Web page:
Our trial was limited to men at high risk of a first myocardial infarction.1 The risk in a female population of the same age would be much smaller, and therefore a considerably larger trial would be required to demonstrate a similar relative benefit of warfarin therapy in primary prevention in women. Moreover, it would be expected that the absolute benefit of treatment would be smaller, whereas the risks of treatment would be more or less the same as in men. Details of time taken to achieve the target international normalized ratio and frequency of monitoring are given in the earlier publication from the main trial.2 Men were discouraged from using vitamin supplements. We agree that widespread use of warfarin in the primary prevention of coronary heart disease would have resource implications, but point-of-care coagulometers and computer-assisted dosing, for example, may in the future ease the demands of warfarin administration.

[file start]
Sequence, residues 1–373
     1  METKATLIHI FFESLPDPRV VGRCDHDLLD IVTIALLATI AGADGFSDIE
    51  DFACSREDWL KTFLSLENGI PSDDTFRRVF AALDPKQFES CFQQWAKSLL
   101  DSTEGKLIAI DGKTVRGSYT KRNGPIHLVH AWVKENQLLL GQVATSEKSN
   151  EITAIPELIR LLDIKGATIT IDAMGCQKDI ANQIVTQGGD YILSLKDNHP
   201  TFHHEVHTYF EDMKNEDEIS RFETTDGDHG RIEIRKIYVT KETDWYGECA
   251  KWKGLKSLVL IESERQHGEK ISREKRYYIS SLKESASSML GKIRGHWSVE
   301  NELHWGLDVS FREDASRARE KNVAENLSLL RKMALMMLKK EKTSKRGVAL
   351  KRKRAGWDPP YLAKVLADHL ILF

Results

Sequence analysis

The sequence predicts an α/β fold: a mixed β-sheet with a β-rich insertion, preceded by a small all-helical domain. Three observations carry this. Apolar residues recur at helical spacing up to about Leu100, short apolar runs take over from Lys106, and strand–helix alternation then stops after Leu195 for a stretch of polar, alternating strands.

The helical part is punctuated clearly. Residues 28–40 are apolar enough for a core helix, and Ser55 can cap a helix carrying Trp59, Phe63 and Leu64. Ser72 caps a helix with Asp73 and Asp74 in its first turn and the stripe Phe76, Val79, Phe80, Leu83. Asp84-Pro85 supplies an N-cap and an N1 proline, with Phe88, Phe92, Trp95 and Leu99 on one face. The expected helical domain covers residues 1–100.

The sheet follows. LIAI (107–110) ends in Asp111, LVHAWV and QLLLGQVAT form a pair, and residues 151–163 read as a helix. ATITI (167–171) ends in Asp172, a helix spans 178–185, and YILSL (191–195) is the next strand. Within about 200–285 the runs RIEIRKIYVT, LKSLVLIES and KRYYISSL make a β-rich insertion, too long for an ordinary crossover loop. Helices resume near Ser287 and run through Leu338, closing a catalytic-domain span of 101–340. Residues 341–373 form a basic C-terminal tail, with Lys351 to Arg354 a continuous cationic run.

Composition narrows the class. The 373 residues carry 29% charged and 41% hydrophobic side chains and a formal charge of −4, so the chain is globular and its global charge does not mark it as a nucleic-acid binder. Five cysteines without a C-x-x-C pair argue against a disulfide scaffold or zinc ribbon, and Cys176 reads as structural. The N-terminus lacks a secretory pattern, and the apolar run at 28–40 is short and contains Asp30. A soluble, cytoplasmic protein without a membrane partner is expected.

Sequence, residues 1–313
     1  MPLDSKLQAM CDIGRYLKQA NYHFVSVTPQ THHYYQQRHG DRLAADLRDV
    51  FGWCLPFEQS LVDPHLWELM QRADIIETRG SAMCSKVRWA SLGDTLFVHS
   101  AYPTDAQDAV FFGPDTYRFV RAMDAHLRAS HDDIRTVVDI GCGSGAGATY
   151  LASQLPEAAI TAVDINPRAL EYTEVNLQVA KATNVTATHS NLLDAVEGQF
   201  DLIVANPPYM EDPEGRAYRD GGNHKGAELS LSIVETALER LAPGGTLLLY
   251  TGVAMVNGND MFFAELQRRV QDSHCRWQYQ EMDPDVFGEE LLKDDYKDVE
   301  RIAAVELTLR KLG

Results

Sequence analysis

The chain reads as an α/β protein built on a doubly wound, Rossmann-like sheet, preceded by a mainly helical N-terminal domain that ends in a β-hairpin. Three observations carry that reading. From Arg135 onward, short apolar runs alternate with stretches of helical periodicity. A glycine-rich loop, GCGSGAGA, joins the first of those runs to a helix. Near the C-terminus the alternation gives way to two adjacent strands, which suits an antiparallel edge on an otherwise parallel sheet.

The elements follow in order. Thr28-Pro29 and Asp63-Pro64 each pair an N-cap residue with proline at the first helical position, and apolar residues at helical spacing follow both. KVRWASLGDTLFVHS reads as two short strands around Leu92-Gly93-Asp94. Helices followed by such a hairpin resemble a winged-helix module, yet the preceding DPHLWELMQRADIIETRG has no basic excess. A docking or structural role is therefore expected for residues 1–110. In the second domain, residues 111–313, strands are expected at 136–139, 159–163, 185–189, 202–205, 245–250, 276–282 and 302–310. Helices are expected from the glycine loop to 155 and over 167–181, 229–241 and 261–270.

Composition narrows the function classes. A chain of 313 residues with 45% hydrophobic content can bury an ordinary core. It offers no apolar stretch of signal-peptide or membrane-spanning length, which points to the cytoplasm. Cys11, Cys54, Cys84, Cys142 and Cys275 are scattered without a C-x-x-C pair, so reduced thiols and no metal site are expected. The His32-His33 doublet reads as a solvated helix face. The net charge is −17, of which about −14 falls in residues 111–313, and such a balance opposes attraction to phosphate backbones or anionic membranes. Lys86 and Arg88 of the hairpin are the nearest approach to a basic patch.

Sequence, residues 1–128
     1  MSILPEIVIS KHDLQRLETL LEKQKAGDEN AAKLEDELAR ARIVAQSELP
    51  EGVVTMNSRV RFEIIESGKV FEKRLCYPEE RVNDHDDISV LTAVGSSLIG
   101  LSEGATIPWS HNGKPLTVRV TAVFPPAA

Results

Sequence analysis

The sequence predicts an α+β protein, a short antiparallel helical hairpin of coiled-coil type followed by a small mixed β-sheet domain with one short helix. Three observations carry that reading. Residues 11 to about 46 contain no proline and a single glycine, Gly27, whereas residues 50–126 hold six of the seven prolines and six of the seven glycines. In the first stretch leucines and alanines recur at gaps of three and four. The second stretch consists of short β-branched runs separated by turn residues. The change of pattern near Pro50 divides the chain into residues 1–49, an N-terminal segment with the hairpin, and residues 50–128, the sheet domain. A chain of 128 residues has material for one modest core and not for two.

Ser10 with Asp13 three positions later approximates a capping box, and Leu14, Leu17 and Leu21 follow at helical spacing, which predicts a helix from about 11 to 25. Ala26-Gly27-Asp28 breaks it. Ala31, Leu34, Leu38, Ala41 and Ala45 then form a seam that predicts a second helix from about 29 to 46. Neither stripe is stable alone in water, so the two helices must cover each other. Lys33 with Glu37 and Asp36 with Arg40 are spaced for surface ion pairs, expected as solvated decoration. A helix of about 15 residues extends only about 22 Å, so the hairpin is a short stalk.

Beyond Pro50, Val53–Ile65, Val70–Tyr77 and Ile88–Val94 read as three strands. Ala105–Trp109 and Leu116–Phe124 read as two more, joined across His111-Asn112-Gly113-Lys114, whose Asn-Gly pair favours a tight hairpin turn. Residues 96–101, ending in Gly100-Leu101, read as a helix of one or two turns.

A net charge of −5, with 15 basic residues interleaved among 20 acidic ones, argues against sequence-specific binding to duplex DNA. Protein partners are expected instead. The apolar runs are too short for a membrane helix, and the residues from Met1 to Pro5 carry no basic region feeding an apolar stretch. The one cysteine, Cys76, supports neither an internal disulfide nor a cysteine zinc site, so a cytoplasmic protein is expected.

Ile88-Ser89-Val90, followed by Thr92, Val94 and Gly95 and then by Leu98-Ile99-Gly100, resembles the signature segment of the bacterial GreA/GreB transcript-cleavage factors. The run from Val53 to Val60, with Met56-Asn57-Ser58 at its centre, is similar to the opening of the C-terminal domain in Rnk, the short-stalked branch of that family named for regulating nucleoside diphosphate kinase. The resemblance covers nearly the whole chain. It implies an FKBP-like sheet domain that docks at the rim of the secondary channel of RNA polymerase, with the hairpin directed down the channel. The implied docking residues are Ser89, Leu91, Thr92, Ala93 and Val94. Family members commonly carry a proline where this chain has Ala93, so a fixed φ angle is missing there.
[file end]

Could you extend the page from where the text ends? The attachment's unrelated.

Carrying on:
MacCallum PK, Brennan PJ, Meade TW. Minimum Intensity Anticoagulation Therapy as Primary Prevention Strategy—Reply. Arch Intern Med. 2001;161(7):1015-1016. doi: